Food & Drink » Glenda Bartosh on Food

Food and drink: Back to the future past

A good ol’ lobster dinner can traverse time and place



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So are you ready to grab one up and cook your own? To steam it, you only need an inch or two of salted water at a rolling boil in the bottom of a big kettle. Put in your live lobsters one at a time, head first — and, no, they don’t scream. If you hear anything, it’s steam escaping from the shell.

My fishmonger recommends cooking a two-pounder for eight minutes on one side; flip it over and cook it for five more minutes on the other, then turn off the heat and let it sit five minutes.

Alternatively, you can boil them, allowing about 2 1/2 quarts of boiling water salted like the sea. Dunk in the live lobster, bring it back up to a boil, then cover and simmer it for about 10 minutes a pound. It’s done when you can easily pull out the antennae.

If you only eat the tail and claw meat, no worries. You can gather up the rest to make a lovely lobster bisque with cream, sherry and butter. Depending on what you’re channelling right now, it will take you right back to either the East Coast or the 1960s, but then maybe they’re one in the same thing.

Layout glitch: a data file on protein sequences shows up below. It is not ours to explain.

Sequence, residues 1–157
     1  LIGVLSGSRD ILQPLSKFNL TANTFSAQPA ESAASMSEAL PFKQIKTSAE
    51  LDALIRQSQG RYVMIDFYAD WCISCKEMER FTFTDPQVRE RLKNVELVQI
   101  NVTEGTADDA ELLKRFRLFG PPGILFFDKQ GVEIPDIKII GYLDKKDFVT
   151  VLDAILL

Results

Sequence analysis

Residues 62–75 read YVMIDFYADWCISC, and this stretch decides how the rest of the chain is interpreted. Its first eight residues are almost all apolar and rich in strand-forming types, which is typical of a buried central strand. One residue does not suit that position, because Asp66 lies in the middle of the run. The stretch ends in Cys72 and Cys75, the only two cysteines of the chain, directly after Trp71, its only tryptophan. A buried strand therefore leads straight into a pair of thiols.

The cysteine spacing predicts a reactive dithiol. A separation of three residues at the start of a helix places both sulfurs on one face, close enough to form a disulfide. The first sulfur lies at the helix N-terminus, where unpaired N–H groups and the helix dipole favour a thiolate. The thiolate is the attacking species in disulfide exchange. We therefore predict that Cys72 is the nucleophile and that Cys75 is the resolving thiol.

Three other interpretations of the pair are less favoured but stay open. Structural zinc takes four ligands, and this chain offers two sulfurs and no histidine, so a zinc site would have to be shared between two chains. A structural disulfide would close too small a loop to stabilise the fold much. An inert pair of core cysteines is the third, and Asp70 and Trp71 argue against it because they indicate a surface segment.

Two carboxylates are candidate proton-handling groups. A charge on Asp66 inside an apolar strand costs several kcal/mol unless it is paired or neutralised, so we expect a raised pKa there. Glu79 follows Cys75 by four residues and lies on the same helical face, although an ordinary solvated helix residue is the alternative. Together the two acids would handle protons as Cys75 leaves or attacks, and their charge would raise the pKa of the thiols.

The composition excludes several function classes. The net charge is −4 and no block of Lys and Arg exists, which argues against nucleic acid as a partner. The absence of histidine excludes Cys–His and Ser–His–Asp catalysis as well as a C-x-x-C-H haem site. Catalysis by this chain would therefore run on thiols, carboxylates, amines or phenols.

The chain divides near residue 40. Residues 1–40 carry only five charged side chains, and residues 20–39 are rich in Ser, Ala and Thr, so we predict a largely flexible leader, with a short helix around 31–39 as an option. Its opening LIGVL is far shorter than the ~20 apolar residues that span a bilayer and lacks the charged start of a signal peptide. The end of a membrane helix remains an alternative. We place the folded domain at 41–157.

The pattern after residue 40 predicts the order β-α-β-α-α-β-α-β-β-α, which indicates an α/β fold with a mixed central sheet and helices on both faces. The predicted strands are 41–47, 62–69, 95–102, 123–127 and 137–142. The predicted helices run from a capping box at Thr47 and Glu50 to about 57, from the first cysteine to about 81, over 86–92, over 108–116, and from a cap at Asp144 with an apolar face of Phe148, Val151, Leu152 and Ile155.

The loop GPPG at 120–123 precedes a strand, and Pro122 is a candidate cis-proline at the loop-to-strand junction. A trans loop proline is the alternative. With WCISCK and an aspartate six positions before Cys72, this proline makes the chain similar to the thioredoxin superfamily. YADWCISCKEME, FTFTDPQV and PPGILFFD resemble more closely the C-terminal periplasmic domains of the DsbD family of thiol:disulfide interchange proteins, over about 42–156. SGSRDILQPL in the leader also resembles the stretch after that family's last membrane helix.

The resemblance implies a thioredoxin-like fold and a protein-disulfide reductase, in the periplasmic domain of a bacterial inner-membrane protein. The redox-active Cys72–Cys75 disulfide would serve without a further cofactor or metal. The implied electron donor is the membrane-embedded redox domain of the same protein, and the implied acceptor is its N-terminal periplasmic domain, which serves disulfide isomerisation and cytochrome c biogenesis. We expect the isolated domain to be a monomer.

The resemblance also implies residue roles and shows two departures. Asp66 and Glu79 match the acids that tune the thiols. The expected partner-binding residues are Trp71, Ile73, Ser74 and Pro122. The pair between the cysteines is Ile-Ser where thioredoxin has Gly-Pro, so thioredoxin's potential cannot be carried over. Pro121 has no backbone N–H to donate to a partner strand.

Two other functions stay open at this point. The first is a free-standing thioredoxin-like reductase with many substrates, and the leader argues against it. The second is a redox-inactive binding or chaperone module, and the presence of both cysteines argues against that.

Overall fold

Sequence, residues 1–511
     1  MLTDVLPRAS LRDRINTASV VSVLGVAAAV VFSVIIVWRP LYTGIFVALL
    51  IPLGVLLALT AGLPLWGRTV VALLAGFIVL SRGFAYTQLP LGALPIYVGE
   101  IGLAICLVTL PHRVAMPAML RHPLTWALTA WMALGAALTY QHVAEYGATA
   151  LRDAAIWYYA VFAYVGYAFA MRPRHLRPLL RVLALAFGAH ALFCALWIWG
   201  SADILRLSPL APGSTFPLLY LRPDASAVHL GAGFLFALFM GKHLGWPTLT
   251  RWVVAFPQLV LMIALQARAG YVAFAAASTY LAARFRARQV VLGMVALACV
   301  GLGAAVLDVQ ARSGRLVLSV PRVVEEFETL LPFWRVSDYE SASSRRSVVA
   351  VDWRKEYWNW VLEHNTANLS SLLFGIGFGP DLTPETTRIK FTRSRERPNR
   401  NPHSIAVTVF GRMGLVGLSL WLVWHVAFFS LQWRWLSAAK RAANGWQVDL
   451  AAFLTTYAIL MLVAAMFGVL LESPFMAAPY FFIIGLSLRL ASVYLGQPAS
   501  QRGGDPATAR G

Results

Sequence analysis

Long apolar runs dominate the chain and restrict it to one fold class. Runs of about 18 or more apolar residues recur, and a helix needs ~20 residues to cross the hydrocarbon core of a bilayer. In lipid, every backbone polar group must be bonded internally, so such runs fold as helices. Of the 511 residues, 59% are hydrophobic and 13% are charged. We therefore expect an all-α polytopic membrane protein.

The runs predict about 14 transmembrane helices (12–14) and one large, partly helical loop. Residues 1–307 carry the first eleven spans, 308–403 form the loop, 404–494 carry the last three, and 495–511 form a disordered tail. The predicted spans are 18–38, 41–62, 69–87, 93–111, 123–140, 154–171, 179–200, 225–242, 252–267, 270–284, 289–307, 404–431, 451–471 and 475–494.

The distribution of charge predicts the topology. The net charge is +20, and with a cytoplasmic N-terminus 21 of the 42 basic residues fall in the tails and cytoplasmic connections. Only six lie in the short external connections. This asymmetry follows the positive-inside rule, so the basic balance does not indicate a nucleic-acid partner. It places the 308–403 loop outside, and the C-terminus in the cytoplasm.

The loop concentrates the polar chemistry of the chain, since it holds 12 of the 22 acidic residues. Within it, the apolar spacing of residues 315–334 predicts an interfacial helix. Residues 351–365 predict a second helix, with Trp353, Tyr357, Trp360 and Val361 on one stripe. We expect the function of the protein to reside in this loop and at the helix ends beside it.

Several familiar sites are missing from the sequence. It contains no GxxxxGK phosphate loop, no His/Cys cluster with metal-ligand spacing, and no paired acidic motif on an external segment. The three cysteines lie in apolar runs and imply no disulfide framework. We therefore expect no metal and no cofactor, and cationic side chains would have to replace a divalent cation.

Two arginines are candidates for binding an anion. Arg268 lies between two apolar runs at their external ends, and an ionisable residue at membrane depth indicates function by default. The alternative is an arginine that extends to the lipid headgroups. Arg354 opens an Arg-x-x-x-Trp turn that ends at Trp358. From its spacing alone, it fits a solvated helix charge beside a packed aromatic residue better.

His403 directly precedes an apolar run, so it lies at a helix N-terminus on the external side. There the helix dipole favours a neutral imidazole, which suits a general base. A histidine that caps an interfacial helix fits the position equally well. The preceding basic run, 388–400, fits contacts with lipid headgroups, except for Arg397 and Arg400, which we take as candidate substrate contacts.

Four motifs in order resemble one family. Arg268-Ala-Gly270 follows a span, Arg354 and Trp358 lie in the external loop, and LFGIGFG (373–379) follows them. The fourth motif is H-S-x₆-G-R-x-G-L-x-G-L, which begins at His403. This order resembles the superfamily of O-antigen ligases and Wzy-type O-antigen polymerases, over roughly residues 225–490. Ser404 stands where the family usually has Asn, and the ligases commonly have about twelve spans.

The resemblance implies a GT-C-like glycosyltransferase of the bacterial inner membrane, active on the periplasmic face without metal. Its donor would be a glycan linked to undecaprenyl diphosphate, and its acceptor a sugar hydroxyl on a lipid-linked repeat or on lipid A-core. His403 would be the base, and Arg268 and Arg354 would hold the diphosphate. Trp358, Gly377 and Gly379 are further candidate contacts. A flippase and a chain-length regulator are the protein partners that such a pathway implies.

True lobsters are found in all the world’s seas except polar ones. Because lobsters kill each other in close proximity, they aren’t the greatest candidates for aquaculture, but we were promised that the Nova Scotian lobster fishery is sustainable.

SeaChoice rates the Atlantic lobster fishery as “yellow”, that is, as having some concerns for sustainability.

Although the spiny lobster really isn’t a lobster, you can eat it with a clear conscience if it comes from Australia, the U.S. or Baja California.


Glenda Bartosh is an award-winning freelance writer who just made her first lobster bisque, a taste of ambrosia.